Guess Who?

A pure pop album by any other name is just as sweet

Guess Who?
The Guess Who, Plein D'Amour

So I'm sitting here, minding my own business, when my buddy Jason pops into the group chat and says "Holy cow. Someone took a Lickerish Quartet track and added AI Andy Sturmer," which probably sounds like gibberish to most of you, but is 100 percent exactly the type of thing that makes sense when you've got a years-long text thread with big-time Jellyfish fans. Anyway, because I was already listening to something else, I didn't play the track, instead just quipping back that I wanted someone to use AI to give me a whole new album from Jellyfish.

"If you want a Jellyfish-sounding record," said Jason, "I have one for you and you’re going to be very confused."

He was right on both counts.

The album in question is titled Plein D'Amour, which apparently translates to something like "My heart is filled with love" from French. It was released last year, and it comes to us from the current lineup of... the Guess Who, which will be humorously surprising to you if you're any kind of classic rock fan, and probably much funnier to you if you have any kind of awareness of the Guess Who's long, bizarre, sometimes sad, often unintentionally hilarious saga. Long story short: They started out as Chad Allan and the Expressions before their label decided to pull a stunt by brown-bagging one of their singles and crediting it to the Guess Who?, a name that's stuck through more than 50 years, countless lineup changes, a a handful of hits, and multiple lawsuits — most of which pertain to the fact that for the bulk of the band's existence, it's been officially broken up.

If you check that Wikipedia page I linked to in the previous paragraph, you'll see it authoritatively states that the Guess Who were only active from 1965-1975 — a rather passive-aggressive way of trying to ignore the numerous tours and albums that have happened since. Because every word I write about the Guess Who is one I never intended to write in my life, I'm not going to get too deep into the details, partly because you already know the rough outline without me telling you: Band breaks up, a couple of the guys decide to carry on anyway, hard feelings and state fair gigs ensue. In the case of the Guess Who, things have gotten to the point where the group has reached "ghost band" status (i.e. no original members present) at a not-insignificant percentage of its shows.

It's generally fairly rare that these situations turn out to be what any reasonable person would deem creatively vibrant. The whole point, even if it's unspoken, is to get out and flog the hits, and the folks doing the flogging are frequently not the folks who wrote the material; it's a situation that can be just as dispiriting for the musicians as it is for the fans. (The hardcore ones, anyway — the ones who pay $5 or $10 to hear a few songs they know by heart in the shadow of a Ferris wheel probably aren't anywhere near as bothered.) If and when a post-fame, reconstituted version of a group deigns to release a new album, it's often at least partly made up of re-recorded versions of the old hits. It can all feel awfully craven, which is why we reflexively mock the groups that do it.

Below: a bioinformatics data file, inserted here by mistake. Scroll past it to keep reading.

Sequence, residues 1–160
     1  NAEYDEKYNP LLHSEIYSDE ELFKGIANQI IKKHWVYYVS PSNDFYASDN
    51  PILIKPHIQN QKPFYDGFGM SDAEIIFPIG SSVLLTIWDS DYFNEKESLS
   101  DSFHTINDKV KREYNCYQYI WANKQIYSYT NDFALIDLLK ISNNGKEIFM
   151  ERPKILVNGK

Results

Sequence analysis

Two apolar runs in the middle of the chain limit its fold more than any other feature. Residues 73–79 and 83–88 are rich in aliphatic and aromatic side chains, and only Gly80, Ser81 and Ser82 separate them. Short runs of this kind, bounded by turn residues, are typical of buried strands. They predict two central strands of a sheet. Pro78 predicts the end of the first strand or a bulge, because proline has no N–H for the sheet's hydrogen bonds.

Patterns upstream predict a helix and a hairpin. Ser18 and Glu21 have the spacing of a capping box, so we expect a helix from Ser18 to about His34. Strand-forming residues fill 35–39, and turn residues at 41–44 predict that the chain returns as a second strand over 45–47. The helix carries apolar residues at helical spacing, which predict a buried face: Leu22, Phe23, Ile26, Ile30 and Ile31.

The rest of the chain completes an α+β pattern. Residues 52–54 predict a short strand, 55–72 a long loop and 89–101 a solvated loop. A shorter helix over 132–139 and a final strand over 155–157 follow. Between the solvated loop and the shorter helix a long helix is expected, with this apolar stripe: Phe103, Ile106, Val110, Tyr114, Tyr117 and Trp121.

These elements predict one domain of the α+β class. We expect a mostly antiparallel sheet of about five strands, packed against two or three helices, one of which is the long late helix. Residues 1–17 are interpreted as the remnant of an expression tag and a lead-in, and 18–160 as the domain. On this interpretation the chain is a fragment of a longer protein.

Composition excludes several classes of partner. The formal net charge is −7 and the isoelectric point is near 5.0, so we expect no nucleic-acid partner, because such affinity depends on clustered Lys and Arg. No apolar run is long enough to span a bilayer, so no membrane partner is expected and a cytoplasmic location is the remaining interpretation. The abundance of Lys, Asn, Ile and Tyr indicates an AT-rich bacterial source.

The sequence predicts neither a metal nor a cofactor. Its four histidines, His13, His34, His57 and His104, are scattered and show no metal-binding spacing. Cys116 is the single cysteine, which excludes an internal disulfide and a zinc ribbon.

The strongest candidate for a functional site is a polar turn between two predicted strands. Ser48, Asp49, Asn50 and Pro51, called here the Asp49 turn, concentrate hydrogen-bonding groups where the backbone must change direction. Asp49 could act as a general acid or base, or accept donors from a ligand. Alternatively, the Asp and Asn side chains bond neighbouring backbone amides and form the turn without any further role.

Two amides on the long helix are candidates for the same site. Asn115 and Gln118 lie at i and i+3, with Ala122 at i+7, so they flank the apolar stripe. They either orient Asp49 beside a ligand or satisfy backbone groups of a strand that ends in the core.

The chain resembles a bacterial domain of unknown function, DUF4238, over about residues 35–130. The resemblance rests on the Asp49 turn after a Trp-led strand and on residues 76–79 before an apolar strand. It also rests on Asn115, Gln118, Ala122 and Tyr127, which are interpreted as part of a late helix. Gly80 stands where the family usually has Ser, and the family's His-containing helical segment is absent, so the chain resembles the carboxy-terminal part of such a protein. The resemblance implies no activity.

The reality, though, is that these situations are often a lot more nuanced than we want to take the time to consider. For example, if the current lineup has been together longer than the "classic" lineup, is it still fair to say they're an imitation? That they're objectively worse? That they have no claim of ownership to the material? Based on the way we tend to disregard the lesser-heard, latter-day versions of groups like the Guess Who, I think it'd be fair to say that the actual quality of the original product is almost beside the point. I mean, "American Woman" and "These Eyes" were hits, but if you're going to try and argue that they're deathless classics, only one of us will end the conversation with a straight face. They're songs that a lot of people know, and the guys who wrote and recorded them should be proud of that, but... c'mon.

This is all stuff I was thinking about as I listened to Plein D'Amour, mostly because the shocking quality of the material shamed me for going into the record wondering whether Jason only sent it to fuck with me. Part of me feels like it's fair to scoff at the notion that whatever and whoever currently constitutes the Guess Who would be capable — or at all interested — in releasing an album built from lush, layered, pure pop parts, but another part of me has been wagging a stern finger since I started my first listen, saying this should be a reminder that great music can come from any old place at any old time. Even a "ghost band" currently fighting off the latest lawsuit from former members.

And no lie, this record really is pretty great. It could almost be a Jellyfish album in some spots, and if you're a fan of the band, you know that's extremely high praise. The songs are smartly composed and beautifully performed, with numerous musical turns of phrase that left me chuckling in admiration. The current lineup boasts five singers, which they take full advantage of throughout Plein D'Amour — this thing is stacked high with gorgeous harmonies. If you ever in your life bought anything from Not Lame, you really owe it to yourself to listen to this. There's a part of me that's afraid of overselling it, but fuck it — it's been a long time since I bit into a musical candy bar this sweet. I am, in a word, impressed.

Could the band have released it under a different name? Sure, but we wouldn't be discussing it here. Do these songs make any sense in a set list that also includes "American Woman" and "These Eyes"? Maybe not, but that isn't our problem. Just check it out and see what you think — and start imagining the killer, extremely different-sounding albums we could someday get out of the "ghost band" versions of groups like Kiss, Foreigner, and Chicago.